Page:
Is Your Kitty Content? 6 Signs of a Happy, Healthy Cat

The world loves grumpy cats (just ask Grumpy Cat herself). We tend to think of our feline friends as sassy, independent, and apathetic creatures. And for many cat lovers, that low-key attitude is all just a part of their charm. But are our cats really unhappy? In honor of Happy Healthy Cat Month, here are six ways you’ll know if your cat is living his or her best life.

Using his Litter Box

Where your cat does their business can tell you a lot about their health and happiness. If your cat has made a habit of missing the litter box, or eliminating somewhere else entirely, a medical problem or stress may be to blame.

  • Choose an appropriate box. Make sure your cat has plenty of room to move around and can get in and out of the litter box easily.
  • Give him the pick of the litter. Experiment by offering a choice of litters in side-by-side boxes to see which type your cat prefers.
  • Keep it clean. No one likes a dirty bathroom—be sure to scoop your cat’s litter box twice a day and change litter weekly.
  • Consider your cat’s perspective. Often, litter boxes are located in places that are convenient for humans—and unknowingly cause stress for cats (think a laundry room with a loud washer or dryer). Instead, your cat’s box should be placed in a quiet, low-traffic area.
  • Follow the one for one (plus one) rule. When it comes to litter boxes, there should always be one for each cat, plus one, kept in different locations, of course.

Grooming Properly
A clean cat is a happy cat

A clean cat is a happy cat. If your cat is not grooming as much as they used to, they could be overweight, painful, or just not feeling well—all of which warrant a visit to the veterinarian. On the other hand, overdoing it can also indicate a medical or behavioral problem, like anxiety. If you notice compulsive grooming behaviors, such as excessive licking or biting or a thinning haircoat, talk to your veterinarian.

Loves Environment

We tend to think cats have it pretty easy (Sleeping all day? Yes, please!), but the truth is, they can and do experience stress. Environmental enrichment, particularly for indoor cats, can increase physical activity and mental stimulation, keeping behavioral issues at bay. If your cat is living in an environment of plenty—that is, plenty of room, toys, perches, windows, sleeping areas, food, water, litter boxes, and human interaction—chances are, they are pleased.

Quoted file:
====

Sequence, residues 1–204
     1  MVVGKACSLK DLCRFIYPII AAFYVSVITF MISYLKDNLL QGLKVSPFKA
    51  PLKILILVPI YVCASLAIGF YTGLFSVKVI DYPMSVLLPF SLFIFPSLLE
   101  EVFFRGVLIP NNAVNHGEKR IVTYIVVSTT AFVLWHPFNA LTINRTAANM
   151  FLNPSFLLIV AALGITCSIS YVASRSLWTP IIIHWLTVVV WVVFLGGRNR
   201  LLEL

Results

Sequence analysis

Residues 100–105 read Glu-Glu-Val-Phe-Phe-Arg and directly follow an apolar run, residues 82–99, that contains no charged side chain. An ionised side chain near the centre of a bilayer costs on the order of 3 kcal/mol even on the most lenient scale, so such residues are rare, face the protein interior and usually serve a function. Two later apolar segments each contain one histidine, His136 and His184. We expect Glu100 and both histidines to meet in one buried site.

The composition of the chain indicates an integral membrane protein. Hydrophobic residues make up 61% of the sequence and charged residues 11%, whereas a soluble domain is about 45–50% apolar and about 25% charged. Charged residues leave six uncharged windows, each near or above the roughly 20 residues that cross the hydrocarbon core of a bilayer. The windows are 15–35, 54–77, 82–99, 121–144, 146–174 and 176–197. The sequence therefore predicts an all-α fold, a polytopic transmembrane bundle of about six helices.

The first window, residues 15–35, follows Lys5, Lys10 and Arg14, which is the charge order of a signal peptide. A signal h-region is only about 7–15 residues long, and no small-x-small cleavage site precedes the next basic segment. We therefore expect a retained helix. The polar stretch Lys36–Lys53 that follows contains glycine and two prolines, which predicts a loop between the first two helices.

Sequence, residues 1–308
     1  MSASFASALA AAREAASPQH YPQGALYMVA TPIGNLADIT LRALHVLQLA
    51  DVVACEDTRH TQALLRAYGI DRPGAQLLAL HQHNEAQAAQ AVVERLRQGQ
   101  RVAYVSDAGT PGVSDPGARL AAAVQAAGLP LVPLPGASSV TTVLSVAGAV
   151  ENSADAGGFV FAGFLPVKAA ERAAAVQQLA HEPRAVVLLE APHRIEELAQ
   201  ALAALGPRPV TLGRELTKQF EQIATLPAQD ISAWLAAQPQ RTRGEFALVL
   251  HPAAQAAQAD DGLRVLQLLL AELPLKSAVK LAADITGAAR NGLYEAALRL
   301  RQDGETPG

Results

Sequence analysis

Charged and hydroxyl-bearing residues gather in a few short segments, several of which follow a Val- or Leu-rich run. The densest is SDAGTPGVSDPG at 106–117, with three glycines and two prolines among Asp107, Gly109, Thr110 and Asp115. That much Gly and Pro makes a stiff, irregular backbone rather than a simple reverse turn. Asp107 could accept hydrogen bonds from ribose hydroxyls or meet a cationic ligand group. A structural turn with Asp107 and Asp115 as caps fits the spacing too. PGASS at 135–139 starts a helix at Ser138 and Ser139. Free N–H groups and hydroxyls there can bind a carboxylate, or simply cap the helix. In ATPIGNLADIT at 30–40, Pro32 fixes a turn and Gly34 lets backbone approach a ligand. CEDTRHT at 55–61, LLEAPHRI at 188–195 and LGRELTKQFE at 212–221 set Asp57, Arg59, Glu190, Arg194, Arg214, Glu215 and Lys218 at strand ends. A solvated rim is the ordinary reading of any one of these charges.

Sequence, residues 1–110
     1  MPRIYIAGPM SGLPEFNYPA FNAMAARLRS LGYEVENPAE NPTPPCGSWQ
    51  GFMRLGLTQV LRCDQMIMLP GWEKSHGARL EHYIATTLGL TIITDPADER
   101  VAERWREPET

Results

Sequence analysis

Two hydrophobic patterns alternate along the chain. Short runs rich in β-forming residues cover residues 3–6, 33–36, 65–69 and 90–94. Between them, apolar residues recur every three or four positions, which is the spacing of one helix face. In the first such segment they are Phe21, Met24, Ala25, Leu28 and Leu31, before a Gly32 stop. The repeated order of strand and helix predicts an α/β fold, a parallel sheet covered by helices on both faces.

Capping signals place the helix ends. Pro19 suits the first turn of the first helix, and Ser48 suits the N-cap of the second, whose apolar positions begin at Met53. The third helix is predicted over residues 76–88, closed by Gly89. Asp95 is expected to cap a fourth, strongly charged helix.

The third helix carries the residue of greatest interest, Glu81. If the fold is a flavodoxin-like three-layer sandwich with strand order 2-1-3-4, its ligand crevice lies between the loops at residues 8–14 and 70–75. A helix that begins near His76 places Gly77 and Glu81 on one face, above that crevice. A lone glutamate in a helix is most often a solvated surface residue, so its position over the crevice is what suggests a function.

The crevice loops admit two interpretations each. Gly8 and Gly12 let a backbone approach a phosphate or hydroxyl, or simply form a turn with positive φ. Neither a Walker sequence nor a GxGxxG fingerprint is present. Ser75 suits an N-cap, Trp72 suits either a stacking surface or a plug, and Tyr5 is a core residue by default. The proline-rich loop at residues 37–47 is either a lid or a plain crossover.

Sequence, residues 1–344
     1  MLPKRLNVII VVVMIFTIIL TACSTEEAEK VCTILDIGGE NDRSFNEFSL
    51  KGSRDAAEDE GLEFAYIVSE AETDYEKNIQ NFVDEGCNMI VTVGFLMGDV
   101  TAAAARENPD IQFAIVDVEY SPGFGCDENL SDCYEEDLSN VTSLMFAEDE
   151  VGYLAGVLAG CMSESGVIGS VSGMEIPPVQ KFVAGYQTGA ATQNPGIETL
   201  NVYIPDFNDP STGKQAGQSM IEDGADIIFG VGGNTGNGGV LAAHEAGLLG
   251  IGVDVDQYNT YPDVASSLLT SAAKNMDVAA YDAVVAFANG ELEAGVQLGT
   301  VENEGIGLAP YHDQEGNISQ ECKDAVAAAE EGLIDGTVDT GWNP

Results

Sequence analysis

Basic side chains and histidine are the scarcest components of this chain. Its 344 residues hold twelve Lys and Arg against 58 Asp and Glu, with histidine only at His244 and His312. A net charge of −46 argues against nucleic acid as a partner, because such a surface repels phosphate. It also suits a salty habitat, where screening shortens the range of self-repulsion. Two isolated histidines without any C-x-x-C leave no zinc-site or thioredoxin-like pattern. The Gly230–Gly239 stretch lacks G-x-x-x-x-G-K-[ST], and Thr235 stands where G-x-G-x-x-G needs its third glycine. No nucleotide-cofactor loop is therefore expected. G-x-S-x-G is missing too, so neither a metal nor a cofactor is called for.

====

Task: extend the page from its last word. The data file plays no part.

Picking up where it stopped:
Sending You Signals

From the tops of the ears (forward and alert or pinned back against his head?) to the tip of the tail (straight up and swaying or rapidly swooshing from side to side?), your cat’s body language speaks volumes about how they are feeling. Is he or she kneading, head-butting, or purring? Congratulations—you’ve got yourself a contented cat.

Your cat’s body language speaks volumes about how he’s feeling

Doing What they Love

What is most important for your cat’s happiness? It depends. Every cat is different, but like humans, they’re all creatures of habit. If your cat is regularly engaging in the activities he enjoys most—whether it’s snuggling their favorite human or some of their lesser desired traits, like jumping onto the kitchen counter—they likely have no complaints. Have you noticed your cat isn’t doing what they used to? Talk to your veterinarian, we can help you uncover any underlying medical issues and develop a treatment plan to get him back to his old habits.

He’s Healthy

Cats are masters of disguise, which unfortunately means signs of medical and behavioral issues can easily go unnoticed. Regular exams allow your veterinarian to pick up on subtle clues about your cat’s health that, if detected and treated early, can greatly improve his physical, mental, and emotional well-being.

Ready to keep your cat happy—and healthy—for many years to come? Schedule an appointment!

 

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